- Office of Attorney General Maura Healey
Media Contact for AG Healey Sues Secretary Betsy DeVos for Halting Debt Relief Promised to Defrauded Students
Boston — Massachusetts Attorney General Maura Healey today filed a lawsuit against the U.S. Department of Education and Secretary Betsy DeVos for failing to provide federal loan discharges for students victimized by Corinthian Colleges and subjecting them to wage garnishment and tax refund interception.
The complaint, filed in U.S. District Court in the District of Columbia, alleges that the Department violated federal law by rejecting applications made by AG Healey on behalf of more than 7,000 Massachusetts students who went to the Everest Institute campuses in Boston and Chelsea, part of Corinthian’s now-defunct national chain of predatory for-profit schools. It also alleges that the Department engaged in involuntary debt collection against students covered by AG Healey’s group discharge claim who did not submit individual borrower defense to repayment applications, even though the Department has made findings of fraud against Corinthian.
Finally, the complaint alleges that the administration’s decision not to process even a single one of the 95,000 pending claims since President Trump took office constitutes an illegal delay in violation of students’ rights under federal law. To date, at least 1,000 borrowers in Massachusetts who submitted individual defense to repayment claims are awaiting action by the Department. According to the complaint, even the Department’s Inspector General has called for the Department to begin processing the discharge applications.
AG Healey’s complaint was joined by the Attorneys General of Illinois and New York, and was filed in parallel with a separate lawsuit by the California Attorney General with similar allegations relating to the Department of Education’s unlawful actions.
“Secretary DeVos and her team continue to demonstrate that they would rather give a free pass to predatory schools than give struggling student borrowers the relief they deserve,” AG Healey said. “Today we call on the U.S. Department of Education to begin discharging the loans of students who were cheated and immediately halt their illegal debt collection practices.”
AG Healey contends that it is unlawful for the Department to refuse indefinitely to approve a single claim.
AG Healey’s Office has been at the forefront of efforts to secure relief for the defrauded Corinthian students. In November 2015, the AG’s Office submitted a group discharge application to the Department seeking relief for all students who enrolled at Corinthian’s Everest Institute in Brighton and Chelsea, including 2,700 pages of supporting documentation, and identifying more than 7,000 students entitled to a group discharge. The AG’s Student Loan Assistance Unit also helped 1,350 Corinthian borrowers submit individual applications and held nearly 20 workshops to personally assist them.
In June 2016, the Massachusetts Superior Court found Corinthian liable for violating the Massachusetts Consumer Protection Act. This followed a lawsuit filed by AG Healey against the school in April 2014 for misrepresenting training programs and job placement rates in order to increase profits, along with engaging in high pressure sales tactics that left students with unaffordable student loan debt and without proper training or a career.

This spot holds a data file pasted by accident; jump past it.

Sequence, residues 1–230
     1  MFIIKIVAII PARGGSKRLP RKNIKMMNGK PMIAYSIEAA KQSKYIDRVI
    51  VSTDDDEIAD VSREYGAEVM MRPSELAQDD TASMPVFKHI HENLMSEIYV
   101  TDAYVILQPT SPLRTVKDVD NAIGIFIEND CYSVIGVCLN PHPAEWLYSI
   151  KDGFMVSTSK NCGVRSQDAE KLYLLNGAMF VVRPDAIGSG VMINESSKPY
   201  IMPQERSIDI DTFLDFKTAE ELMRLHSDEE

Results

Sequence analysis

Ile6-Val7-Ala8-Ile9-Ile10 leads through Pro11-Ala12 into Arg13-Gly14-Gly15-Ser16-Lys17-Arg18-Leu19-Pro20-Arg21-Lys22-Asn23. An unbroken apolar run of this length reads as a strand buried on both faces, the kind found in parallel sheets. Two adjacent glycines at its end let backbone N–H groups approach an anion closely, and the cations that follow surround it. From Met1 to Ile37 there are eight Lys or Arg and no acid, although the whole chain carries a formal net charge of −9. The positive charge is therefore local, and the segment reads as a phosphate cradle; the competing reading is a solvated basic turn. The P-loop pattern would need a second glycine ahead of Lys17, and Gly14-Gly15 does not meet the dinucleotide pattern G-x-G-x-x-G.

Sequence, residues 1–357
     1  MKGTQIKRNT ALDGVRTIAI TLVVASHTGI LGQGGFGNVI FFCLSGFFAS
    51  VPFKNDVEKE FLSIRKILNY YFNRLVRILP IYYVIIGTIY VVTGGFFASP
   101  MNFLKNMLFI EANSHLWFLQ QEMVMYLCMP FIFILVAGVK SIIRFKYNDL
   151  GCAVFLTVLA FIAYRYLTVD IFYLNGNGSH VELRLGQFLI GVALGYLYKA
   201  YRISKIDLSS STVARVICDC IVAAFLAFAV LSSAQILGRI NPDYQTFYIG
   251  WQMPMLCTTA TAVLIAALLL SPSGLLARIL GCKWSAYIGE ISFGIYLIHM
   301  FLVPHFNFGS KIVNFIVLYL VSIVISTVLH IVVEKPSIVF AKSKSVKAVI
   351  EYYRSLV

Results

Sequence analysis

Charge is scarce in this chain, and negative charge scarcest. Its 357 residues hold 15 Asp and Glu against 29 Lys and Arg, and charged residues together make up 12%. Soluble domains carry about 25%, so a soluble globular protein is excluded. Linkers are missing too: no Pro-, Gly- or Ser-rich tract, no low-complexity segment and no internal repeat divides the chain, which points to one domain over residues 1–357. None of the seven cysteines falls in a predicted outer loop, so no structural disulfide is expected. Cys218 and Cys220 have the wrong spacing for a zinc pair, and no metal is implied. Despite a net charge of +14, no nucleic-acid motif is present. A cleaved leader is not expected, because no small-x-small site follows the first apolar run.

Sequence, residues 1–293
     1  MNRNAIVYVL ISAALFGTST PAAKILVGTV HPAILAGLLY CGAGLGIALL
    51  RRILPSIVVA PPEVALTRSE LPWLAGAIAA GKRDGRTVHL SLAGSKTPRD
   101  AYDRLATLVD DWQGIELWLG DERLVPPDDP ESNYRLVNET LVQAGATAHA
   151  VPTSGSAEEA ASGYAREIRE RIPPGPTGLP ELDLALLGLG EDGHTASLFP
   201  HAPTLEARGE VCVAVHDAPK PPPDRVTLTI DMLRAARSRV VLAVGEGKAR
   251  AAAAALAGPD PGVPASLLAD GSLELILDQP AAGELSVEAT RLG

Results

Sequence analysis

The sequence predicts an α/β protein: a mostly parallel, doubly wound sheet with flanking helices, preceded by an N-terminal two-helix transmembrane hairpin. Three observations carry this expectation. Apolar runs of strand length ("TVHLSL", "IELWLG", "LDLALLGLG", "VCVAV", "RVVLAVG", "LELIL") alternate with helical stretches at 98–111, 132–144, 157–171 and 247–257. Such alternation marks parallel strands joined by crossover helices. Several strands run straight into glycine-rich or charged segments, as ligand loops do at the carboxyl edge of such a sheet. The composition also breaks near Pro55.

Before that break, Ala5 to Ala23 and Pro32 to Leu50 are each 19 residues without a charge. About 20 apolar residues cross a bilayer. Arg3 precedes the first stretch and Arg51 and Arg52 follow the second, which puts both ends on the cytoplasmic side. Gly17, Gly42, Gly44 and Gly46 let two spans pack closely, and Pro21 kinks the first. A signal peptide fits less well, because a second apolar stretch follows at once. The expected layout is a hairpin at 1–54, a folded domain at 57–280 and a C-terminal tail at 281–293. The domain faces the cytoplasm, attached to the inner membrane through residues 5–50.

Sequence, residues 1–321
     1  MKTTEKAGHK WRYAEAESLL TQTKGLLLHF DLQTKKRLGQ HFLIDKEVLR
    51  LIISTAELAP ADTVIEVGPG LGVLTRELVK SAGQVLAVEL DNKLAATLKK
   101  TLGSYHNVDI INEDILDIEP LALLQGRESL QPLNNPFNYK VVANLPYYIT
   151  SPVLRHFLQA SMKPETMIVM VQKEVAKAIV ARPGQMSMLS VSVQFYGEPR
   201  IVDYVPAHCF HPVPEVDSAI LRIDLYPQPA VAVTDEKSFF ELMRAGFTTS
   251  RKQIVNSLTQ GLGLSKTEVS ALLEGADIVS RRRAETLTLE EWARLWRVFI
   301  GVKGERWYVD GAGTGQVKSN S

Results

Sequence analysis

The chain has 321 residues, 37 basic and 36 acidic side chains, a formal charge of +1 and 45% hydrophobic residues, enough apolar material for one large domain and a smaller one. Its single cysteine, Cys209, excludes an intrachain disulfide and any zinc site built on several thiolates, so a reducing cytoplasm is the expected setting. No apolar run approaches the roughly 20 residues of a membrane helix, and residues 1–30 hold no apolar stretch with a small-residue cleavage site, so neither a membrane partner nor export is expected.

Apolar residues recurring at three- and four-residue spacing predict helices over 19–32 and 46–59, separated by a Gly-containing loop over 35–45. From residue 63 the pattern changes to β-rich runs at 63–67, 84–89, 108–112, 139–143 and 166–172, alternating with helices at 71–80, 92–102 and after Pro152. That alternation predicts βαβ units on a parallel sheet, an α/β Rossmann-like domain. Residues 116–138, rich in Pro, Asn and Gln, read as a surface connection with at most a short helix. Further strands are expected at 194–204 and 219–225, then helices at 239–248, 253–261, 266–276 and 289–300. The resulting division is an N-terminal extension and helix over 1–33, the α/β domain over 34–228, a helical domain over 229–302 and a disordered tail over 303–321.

Despite this judgment, along with other court judgments obtained by state attorneys general and the Consumer Financial Protection Bureau, the Department refuses to grant discharges to defrauded students and continues to unlawfully collect debt from Corinthian borrowers through wage garnishment and tax refund interception. Corinthian students will never fully recover until the Department begins complying with applicable law.
In June 2017, AG Healey joined 18 attorneys general in demanding that the Department stop delaying loan discharges for students victimized by predatory for-profit schools, including claims that have already been approved.
Today’s complaint follows a multistate lawsuit led by AG Healey in July against Secretary DeVos for abruptly rescinding the Borrower Defense Rule—a regulation that was designed to hold abusive higher education institutions accountable for cheating students and taxpayers. In October, AG Healey also sued Secretary DeVos for refusing to enforce the Gainful Employment Rule, a federal regulation designed to protect students and taxpayers from predatory for-profit schools.
Addressing fraud and abuse in student lending has been a top priority for AG Healey since taking office, whether taking predatory schools to court, changing the practices of student loan servicers, going after unlawful student loan “debt relief” companies, or helping student borrowers find more affordable repayment solutions through her first-in-the-nation Student Loan Assistance Unit. AG Healey has also secured debt relief for students that went to the American Career Institute, reached settlements worth more than $6 million with Kaplan Career Institute, Lincoln Tech, Sullivan & Cogliano, Salter College and DeVry University, filed a lawsuit against ITT Tech, and recently reached a settlement with an unlicensed for-profit nursing school.
Massachusetts borrowers who are looking for student loan help or information should visit the AG’s Student Loan Assistance page or call the Student Loan Assistance Unit Hotline at 1-888-830-6277.
This matter is being handled by staff in AG Healey’s Insurance and Financial Services Division, including Tim Hoitink, Glenn Kaplan, Arwen Thoman, Jennifer Snow, Tristan Brown, Drew Tobias, Maggie Wallace, and Matt Frank.